Pros and Cons

Residents’ groups in the area have been voicing concern about the perceived disconnect between the newer developments and the longstanding communities already in the area. Noise issues, the juxtaposition between multi-storey commercial developments with lower quality social housing and the concentration of employment in highly educated professional sectors are all among the areas being objected to.

However Dublin City Council and other interest groups highlight many positives for both locals and the city at large. Investment in the area is not limited to just corporate HQs and high rise residential apartments, the Dublin Port Company invested in a cruise business which saw the arrival of 127 cruise ships in 2017 as well as a major infrastructure investment adding to the type of employment in the area. The construction work also offers the potential for employment for people with construction skills. Investment in property in the area has also brought investment in schools, infrastructure, community centres and culture such as the Docklands Summer Festival aimed at bringing all local residents together.


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Dublin Landings – The One with Central Bank

Developers: Ballymore & Oxley

Location: North Wall Quay

Architects: Arrow and RKD Architects

Status: Under construction with No.1 and No.2 completed already in 2018, full development due for completion in 2020.

Comprising of 5 Grade A office buildings, 273 luxury residential units and a boutique hotel, the Dublin Landings is seen as an ambitious regeneration project in the heart of the Dublin Docklands. 6,000 people are expected to work and live in Dublin Landings with NTMA and WeWork having signed up to taking No.1 and No.2 respectively while the development is already the new home of the Central Bank. When completed it will comprise of over 1m sq. ft.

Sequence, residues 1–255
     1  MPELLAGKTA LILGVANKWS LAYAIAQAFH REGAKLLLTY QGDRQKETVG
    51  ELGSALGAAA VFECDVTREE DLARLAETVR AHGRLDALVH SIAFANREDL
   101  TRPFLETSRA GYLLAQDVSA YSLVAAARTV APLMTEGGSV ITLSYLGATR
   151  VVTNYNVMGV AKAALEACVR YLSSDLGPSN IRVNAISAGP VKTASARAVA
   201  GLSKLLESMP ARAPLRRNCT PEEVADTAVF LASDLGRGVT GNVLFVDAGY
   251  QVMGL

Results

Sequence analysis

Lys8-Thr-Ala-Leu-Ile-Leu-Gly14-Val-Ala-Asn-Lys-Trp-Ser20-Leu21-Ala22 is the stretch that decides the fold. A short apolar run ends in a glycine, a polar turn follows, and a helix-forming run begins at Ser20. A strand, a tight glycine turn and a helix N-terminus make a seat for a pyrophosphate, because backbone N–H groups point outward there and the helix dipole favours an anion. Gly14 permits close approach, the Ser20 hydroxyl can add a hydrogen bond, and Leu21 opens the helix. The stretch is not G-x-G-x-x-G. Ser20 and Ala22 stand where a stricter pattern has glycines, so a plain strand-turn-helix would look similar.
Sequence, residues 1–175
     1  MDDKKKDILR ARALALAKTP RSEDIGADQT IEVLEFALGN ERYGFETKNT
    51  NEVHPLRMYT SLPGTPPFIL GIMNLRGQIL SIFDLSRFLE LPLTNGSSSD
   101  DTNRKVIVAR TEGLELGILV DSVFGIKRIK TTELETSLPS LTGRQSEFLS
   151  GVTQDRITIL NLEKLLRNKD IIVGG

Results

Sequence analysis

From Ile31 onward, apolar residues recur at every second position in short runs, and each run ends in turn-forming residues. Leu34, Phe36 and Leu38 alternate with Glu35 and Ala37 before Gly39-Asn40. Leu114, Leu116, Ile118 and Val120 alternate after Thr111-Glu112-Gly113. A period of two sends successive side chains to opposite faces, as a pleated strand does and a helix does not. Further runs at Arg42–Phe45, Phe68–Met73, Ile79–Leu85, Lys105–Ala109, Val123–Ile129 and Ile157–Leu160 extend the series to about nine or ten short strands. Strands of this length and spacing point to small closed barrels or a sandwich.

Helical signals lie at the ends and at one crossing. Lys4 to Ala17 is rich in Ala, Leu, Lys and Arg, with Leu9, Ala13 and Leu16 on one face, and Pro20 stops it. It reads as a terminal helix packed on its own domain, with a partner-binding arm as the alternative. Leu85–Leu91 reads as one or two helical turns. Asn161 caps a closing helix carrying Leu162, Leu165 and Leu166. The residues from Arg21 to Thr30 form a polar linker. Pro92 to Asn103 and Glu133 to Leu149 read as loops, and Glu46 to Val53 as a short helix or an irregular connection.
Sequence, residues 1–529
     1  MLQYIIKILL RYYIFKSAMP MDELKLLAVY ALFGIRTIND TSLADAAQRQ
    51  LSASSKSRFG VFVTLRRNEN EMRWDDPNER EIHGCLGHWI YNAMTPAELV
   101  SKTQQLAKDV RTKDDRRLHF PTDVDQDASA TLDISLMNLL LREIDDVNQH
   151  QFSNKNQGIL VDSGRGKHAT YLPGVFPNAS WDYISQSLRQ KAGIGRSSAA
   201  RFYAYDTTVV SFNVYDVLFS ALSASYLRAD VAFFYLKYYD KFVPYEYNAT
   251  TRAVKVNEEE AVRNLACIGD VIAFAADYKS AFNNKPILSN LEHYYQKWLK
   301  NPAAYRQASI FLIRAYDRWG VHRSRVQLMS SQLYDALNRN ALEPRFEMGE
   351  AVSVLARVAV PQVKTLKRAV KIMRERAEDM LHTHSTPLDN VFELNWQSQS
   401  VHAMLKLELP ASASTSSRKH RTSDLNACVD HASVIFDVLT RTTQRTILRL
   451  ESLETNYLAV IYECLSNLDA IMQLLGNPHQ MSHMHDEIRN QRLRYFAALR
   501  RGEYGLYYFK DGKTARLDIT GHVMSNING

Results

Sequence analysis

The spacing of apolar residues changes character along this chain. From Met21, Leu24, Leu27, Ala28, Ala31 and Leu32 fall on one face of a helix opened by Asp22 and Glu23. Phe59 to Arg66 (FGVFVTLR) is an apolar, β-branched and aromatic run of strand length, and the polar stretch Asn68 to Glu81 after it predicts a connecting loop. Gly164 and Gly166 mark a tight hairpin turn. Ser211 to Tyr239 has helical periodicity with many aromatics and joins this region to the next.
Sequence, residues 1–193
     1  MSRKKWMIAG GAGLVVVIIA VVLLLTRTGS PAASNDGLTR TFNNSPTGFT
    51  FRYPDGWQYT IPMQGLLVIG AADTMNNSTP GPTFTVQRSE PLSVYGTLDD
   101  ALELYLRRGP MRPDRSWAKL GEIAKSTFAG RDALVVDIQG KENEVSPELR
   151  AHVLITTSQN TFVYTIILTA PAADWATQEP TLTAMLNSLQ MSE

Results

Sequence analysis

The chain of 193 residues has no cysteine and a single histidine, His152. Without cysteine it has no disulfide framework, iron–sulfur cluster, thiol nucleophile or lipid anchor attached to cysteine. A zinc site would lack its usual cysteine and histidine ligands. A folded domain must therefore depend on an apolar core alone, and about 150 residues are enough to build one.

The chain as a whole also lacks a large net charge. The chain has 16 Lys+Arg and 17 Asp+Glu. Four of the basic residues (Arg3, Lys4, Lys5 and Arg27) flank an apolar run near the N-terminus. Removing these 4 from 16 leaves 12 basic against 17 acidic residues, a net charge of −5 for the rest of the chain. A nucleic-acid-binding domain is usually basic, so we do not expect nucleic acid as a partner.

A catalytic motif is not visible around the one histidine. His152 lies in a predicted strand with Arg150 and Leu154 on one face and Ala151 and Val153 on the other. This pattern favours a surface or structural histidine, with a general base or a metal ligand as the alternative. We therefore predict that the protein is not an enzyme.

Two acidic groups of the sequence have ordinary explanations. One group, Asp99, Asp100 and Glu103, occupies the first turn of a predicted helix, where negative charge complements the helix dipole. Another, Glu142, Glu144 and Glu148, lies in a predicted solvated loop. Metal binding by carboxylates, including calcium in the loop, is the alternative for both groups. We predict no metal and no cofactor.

Real Estate Agents: CBRE & KnightFrank



CB3 Docklands – The One That’s Just Hit the Market

Developers: NAMA

Location: On Mayor Street Upper and Castleforbes Road at the rear of the Central Bank’s new HQ

Architects: Reddy Architecture and Urbanism on commercial, O’Mahony Pike on resi

Status: For sale

This is one of the last remaining prime development sites in Dublin’s docklands and has just been launched on the market with a guiding price of €110m for the full development or €45 million on the 3.55 acres allocated for the residential site and €65 million for the 2.35 acre commercial site. This attractive office-led mixed use scheme includes 332,497 sq. ft. office space, 347 units comprising 340 apartments and seven three-bed two-storey houses.

Real Estate Agents: Savills and Cushman & Wakefield



The Exo – The One That Will Be Dublin’s Highest Office Block

Developers: Tristan Capital Partners and SW3

Location: Beside the 3Arena

Architects: MCA Architects and Shay Cleary Architects

Status: Under construction due to be completed in 2020